Training turns out video specialists, military PR

Defense Information School home page

Public support is vital to the armed services' ability to carry out their mission of protecting the nation. Spreading the word to engender that support is where the Defense Information School comes in.

DINFOS takes students from all the military services and trains them on leading-edge broadcast and video technology, said Army Lt. Col. Rick Sims, director of broadcast and video production at DINFOS.

The students, who often do not have prior public affairs experience, are trained in less than 60 days to produce broadcast and video projects to be viewed by troops and the public worldwide.

"We need to turn 18- and 19-year-old kids from story consumers to storytellers in just a few months," Sims said Thursday after his keynote presentation at the Government Video Technology Expo in Washington, D.C.

To help make that accelerated learning curve possible, DINFOS has a shared-storage computer system that serves as an archive for all of the school's digital footage.

"There are 24 students using the editing system to pull pieces of footage, take parts out and build a product," Sims said. "They use it independently but can get it all at one time," which saves at least a day, compared with the old method of making video duplicates and passing them around.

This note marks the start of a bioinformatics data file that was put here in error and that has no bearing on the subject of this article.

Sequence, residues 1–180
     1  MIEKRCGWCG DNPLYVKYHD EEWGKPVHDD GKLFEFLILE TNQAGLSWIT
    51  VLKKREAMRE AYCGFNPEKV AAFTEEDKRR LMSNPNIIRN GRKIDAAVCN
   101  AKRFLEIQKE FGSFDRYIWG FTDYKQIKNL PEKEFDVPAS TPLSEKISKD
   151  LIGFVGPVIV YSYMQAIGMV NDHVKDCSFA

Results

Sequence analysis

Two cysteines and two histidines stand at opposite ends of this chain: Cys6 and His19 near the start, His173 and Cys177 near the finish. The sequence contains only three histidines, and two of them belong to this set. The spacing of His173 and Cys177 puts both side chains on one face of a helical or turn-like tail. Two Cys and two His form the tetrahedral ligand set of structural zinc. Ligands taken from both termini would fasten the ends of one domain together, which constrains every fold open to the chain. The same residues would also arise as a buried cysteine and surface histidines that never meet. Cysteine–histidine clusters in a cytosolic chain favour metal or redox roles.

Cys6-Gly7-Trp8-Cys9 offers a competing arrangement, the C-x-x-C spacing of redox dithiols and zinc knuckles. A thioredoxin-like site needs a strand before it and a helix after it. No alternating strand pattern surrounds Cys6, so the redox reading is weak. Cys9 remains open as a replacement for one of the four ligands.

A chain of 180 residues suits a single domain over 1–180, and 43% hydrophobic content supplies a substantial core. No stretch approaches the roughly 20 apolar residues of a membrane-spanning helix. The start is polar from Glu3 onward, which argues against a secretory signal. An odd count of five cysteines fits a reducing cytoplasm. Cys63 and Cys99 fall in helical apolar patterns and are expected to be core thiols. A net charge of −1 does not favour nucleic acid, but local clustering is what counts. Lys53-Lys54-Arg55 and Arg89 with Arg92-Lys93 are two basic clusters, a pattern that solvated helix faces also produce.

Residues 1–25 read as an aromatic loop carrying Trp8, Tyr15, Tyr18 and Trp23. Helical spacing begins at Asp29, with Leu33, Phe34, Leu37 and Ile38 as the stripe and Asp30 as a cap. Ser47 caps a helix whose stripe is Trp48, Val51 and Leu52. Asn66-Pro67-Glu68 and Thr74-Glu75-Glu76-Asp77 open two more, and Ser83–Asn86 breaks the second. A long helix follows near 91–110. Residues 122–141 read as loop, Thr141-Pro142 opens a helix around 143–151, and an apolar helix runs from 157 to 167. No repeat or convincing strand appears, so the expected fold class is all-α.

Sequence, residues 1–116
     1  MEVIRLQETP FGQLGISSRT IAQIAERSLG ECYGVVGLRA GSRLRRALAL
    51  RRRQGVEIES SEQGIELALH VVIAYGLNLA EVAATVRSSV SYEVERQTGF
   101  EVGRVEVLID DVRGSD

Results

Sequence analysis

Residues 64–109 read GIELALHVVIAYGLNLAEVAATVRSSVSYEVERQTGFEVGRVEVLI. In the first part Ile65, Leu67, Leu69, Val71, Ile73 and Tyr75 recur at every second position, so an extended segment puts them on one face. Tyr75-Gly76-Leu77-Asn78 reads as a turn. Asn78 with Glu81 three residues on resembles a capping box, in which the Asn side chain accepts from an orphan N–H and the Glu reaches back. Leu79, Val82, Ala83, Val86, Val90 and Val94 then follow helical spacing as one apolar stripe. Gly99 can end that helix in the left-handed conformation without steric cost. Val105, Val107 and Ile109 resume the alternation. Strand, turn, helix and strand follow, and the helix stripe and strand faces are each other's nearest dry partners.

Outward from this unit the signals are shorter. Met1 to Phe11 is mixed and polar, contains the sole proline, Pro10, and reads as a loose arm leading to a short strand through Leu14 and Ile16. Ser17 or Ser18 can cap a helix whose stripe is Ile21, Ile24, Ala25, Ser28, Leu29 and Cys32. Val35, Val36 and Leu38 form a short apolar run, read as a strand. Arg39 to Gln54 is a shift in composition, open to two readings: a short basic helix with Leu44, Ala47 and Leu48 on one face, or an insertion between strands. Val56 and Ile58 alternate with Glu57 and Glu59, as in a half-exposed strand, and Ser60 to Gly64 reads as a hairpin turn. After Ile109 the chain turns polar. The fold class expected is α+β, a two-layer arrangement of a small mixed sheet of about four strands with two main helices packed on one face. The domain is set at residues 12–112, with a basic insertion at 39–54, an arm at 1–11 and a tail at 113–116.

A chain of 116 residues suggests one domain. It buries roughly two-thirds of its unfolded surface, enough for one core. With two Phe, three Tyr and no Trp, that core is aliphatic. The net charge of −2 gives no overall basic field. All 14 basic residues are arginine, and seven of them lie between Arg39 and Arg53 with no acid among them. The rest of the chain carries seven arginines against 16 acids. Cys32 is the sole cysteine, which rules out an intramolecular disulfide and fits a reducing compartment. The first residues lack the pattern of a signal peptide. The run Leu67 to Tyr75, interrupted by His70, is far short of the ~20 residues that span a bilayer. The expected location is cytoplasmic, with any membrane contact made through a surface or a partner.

During the expo Thursday, Sims showed examples of student-produced pieces that included a short documentary from the Marine Corps about the Korean War and a video about an Army training program in a Pennsylvania town that encourages kids to avoid drugs.

Sims, who is also a pilot, has produced videos in remote locations, including Bosnia and Fairbanks, Alaska. He helps train more than 650 students a year in six major courses of instruction, including basic broadcasting, electronic journalism and video production documentation.

He said students often end up teaching instructors the best way to do things using the latest technology. "It's the environment we live in," Sims said. "These kids grow up with computers. They are sponges when it comes to anything digital or with automation."


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